Democracy but a police measure and a poor

Democracy is one of the crucial concepts of modern-day political
discourse, precisely because so little thoughtful research has
been devoted to it. Some have argued that it is not a surprise that traditional
Marxist authors have practically nothing of substance on the query, for
none of them had private contribution of a complete democracy. However, it is not
fair to argue that Marxism produced virtually nothing of material on the enquiry.
On the contrary, the politics of Marx during his time can be relatively valuable
in understanding democracy as a concept and as a movement. However, below it
will be argued that Mill’s vision of democracy is the most rational
compared to Marx because Mill’s ideas allow mankind to exercise individual
rights than that of Marx.

 

Marx’ initial works are concerned with the liberty of the media and
are infused by Feuerbachian ideals and Hegelian approaches. The
restriction law, he wrote in the Rheinische
Zeitung in May 1842, is not a commandment but a police measure and
a poor one at that. Not long afterwards, he wrote that the state must be systematized according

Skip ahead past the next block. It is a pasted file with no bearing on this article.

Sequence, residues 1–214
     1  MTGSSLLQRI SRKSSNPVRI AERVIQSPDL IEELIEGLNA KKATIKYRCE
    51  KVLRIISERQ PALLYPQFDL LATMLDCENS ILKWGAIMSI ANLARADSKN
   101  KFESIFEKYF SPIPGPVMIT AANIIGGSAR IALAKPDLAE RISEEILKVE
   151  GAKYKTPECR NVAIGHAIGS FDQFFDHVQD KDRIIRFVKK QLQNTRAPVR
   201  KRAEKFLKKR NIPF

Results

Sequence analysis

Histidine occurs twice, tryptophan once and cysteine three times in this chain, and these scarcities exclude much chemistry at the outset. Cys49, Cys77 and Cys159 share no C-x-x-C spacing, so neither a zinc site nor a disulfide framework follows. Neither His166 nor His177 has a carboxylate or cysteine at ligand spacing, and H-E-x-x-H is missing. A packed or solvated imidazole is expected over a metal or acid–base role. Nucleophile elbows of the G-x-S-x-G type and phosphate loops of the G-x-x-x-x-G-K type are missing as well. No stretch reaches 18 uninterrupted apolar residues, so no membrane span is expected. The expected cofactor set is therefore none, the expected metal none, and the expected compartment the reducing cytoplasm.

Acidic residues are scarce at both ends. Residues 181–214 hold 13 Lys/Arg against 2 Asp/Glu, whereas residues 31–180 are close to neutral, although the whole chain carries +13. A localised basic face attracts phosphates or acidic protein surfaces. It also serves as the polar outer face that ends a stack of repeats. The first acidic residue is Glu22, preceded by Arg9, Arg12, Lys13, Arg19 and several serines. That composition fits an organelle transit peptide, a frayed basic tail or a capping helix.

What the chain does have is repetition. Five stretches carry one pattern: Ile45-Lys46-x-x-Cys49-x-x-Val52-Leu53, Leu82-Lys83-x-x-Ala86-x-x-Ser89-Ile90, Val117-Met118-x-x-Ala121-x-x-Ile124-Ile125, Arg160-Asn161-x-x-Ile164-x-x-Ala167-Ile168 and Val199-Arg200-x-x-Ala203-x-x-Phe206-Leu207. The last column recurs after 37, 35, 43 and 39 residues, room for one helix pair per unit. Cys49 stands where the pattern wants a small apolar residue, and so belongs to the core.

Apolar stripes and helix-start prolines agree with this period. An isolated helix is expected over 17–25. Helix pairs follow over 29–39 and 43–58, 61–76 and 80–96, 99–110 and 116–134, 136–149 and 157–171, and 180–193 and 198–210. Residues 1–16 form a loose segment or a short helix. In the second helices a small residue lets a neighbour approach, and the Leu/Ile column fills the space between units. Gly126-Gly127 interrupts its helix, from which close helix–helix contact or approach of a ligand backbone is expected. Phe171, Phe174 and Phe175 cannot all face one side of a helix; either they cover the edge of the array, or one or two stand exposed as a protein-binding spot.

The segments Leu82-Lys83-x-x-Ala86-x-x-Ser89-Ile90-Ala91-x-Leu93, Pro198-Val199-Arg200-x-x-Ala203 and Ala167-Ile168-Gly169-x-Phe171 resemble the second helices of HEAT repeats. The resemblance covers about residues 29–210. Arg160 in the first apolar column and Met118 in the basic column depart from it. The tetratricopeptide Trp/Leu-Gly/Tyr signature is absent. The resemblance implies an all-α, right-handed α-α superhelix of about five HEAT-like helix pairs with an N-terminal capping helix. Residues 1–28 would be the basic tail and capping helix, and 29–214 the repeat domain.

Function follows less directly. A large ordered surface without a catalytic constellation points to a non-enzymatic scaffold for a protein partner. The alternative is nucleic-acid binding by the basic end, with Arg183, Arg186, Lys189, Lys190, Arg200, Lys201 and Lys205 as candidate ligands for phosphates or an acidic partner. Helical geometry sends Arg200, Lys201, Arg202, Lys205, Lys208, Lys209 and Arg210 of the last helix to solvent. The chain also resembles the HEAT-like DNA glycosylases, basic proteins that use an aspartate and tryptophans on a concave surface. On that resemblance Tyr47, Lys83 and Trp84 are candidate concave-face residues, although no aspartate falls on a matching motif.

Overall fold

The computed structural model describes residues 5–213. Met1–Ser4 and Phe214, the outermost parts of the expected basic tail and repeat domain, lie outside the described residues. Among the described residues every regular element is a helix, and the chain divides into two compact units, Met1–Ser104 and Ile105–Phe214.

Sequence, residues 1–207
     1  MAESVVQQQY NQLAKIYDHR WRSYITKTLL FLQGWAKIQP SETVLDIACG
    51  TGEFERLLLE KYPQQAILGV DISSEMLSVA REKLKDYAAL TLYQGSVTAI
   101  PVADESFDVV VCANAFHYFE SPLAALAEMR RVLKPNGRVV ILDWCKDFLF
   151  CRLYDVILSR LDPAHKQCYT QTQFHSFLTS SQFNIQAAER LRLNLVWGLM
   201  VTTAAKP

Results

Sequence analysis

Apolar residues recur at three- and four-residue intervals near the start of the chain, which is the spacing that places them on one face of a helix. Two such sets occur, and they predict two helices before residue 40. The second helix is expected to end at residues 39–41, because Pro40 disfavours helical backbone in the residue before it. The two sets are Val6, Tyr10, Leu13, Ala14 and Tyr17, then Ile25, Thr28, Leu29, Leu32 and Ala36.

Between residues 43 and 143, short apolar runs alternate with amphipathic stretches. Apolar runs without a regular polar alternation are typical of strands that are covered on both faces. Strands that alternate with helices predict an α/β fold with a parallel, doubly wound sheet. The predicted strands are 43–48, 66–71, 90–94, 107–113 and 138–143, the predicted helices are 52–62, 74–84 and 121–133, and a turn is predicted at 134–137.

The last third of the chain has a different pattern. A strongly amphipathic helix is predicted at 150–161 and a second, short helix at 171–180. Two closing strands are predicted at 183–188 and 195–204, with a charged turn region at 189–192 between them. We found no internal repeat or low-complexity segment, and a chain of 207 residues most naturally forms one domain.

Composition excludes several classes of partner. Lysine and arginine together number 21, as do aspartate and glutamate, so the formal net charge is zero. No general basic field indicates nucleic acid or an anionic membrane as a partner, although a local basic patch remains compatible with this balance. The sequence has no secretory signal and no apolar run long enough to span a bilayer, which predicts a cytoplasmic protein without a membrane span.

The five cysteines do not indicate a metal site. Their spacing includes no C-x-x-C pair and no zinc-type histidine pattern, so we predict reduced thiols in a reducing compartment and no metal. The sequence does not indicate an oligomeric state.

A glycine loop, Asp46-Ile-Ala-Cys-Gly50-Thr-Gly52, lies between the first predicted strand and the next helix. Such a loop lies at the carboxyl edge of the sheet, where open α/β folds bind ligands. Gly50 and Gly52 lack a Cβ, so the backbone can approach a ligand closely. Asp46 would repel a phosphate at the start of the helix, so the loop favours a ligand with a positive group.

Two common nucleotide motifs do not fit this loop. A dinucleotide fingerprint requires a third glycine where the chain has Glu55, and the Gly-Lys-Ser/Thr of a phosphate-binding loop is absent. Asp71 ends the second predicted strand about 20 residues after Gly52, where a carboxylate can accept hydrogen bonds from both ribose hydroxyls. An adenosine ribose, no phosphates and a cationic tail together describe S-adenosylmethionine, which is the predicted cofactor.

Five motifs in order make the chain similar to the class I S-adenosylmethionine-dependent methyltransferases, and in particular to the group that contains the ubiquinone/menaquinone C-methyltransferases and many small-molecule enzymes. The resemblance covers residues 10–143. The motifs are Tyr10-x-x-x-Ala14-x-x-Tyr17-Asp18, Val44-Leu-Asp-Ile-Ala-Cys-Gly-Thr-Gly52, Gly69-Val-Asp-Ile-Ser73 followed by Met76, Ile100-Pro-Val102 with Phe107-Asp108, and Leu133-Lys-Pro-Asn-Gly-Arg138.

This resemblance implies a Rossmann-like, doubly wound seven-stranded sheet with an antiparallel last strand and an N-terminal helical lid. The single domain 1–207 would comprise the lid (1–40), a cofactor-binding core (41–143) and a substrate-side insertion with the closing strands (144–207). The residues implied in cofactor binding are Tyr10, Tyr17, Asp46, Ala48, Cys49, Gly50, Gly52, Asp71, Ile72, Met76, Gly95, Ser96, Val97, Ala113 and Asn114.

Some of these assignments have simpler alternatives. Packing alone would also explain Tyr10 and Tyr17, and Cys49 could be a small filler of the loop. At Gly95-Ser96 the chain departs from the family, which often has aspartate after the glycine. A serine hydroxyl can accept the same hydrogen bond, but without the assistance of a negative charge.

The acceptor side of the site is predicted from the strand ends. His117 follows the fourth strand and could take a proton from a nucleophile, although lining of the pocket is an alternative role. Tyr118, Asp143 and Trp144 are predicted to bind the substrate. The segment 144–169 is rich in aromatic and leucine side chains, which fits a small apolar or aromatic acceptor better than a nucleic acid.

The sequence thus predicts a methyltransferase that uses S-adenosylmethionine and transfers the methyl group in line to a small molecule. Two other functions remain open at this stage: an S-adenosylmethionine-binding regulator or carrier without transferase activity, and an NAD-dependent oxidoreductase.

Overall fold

to the standards of reason and liberty, for it is the countless excellence
of Hobbes, Spinoza, Machiavelli, Fichte, Rousseau and Hegel to have unregulated
the examination of politics from the dominion of the theologians. It was
only sometime after he took up the role of reporter that he discovered
while covering the debate on the law about wood gathering that the regime
was being used as the means of implementing secluded interest rather than
reason or the mutual good.

 

From
Marx’ perspective Marxism and democracy were interlinked from the very first conflicts,
in the middle of the 19th century. As the American socialist Hal Draper inscribed,
the two things are intertwined collectively in Marx’s theory, which “moves
in the direction of defining
consistent democracy in socialist terms, and consistent socialism in the democratic term”
(Hal Draper, pg17, 2010). This movement from the greatest crucial building block
of Marxism that socialism must be the self-emancipation of the proletariat and
can’t be accomplished on its behalf. Our goal is only possible as the act of
the sentient multitudes of the mainstream class in the social order, and that entails
the completest development of democracy.  Workers achieving democracy is dependent on
their own actions and association or by relying on the privileges established
under the current system protected by their deployment.

Although the protectors of the capitalist organisation
need the contrary. They need to repress and comprehend mass participation,
whether within the dogmatic system or in fights and activities external to it.
Therefore, they sought to destabilise or weaken or even eradicate democracy.
This applies not just to conservative ideologues, whose disapproval for genuine